Despite revenue slump, Corrections asks for more

DOVER — There isn’t much room to cut from the Department of Correction budget; rather, Commissioner Carl Danberg said, the department desperately needs an increase in funding to address critical needs such as medical care and construction to alleviate overcrowding

In presenting the department’s budget request to the Office of Management and Budget, Danberg said Monday that officials are considering reorganizing the agency to save money. That effort could include eliminating programs, but he declined to list specific programs that could be cut.

This year’s state budget-drafting process is particularly challenging because of the state’s declining revenues. Last week, revised revenue estimates prompted Gov. Ruth Ann Minner to ask department heads to cut 7 percent from their current operating budgets and 15 percent from their proposals for next year.

The Department of Correction requested a total of $217.8 million for next year, an increase of $12.7 million from the current operating budget.

Because the bulk of the corrections budget is personnel, Danberg said, it is difficult to cut enough costs to meet the requested budget reductions.

“We are drawing up a list of areas where we can save money,” Danberg said. “Significant savings can only come through restructuring.”

The type of restructuring, he said, the department is considering would require permission from the governor’s office and OMB.

Danberg said two requests are the top of his priority list: funding to expand the Baylor Women’s Correctional Institution and getting permanent funding for three medical positions that were added to the staff last year.

The Baylor women’s prison routinely houses about 400 inmates, though the facility is meant to hold only 200, Danberg said. The problem with the women’s facility is compounded because transferring inmates elsewhere isn’t an option to alleviate crowding, as it is with men’s prisons.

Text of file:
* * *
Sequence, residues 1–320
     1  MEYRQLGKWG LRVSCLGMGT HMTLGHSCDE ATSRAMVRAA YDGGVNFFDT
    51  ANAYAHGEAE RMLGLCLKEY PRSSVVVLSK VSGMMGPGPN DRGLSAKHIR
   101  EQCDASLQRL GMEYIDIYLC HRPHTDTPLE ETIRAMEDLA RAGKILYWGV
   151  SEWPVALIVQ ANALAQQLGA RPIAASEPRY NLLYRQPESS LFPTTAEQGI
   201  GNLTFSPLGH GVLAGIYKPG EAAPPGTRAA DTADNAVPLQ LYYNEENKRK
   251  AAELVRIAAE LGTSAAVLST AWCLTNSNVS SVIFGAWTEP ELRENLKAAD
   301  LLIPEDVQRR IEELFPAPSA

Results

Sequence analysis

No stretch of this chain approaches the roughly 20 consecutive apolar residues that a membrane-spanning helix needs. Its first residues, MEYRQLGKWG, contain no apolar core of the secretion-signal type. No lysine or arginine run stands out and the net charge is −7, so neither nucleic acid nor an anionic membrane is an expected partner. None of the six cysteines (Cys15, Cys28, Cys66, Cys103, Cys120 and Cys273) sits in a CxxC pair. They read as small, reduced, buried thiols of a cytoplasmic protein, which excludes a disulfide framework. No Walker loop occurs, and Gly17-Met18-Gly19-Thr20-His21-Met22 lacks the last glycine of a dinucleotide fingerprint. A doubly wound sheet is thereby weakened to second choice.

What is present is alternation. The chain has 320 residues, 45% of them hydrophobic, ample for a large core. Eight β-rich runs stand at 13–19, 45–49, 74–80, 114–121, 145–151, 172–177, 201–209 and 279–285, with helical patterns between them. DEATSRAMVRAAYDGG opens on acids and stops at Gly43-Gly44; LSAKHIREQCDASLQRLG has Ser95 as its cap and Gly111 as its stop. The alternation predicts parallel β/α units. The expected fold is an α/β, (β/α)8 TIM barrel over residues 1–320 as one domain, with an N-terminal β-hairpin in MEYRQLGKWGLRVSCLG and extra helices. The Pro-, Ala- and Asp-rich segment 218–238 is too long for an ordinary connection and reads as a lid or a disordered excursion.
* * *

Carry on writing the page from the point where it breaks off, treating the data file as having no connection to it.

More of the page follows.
Danberg asked for $3.5 million to expand the facility.

Last year, the Legislature approved the creation of three medical positions, Danberg said, but because the positions weren’t added until mid-fiscal year, the department did not receive full funding for the jobs.

Danberg asked OMB to include complete funding to allow the positions to remain and have a full year’s salary. The cost is an increase of $114,900 next year. He said he anticipates receiving the funding for that expense.

Danberg also requested a $5 million “placeholder” in the budget if incoming Gov.-elect Jack Markell decides to search for a new contract for medical services in the prisons.

Correctional Medical Services currently holds the contract to provide medical services to inmates in state prisons. A report released in July by an independent monitor found “lack of stable and effective leadership” and cited other problems with the company.

Danberg said the $5 million would allow the incoming governor to open bids for another company to begin providing the medical services, but that if the funds were allocated, the state still has one year remaining on the current contract with CMS.

Another request made by Danberg was $449,100 for a program that would automatically calculate sentences served by inmates. Danberg said the majority of wrongful releases — inmates being let out of prison before their terms expire — could be avoided with an automated process.

He said most errors occur during the transferring of sentences, inmates moving from being held by one court to another or moving from one sentence to another. He said using an automated system would remove the errors that occur and significantly reduce the likelihood that an inmate could be released early.

source: http://www.delawareonline.com/article/20081125/NEWS02/811250365/1006/NEWS

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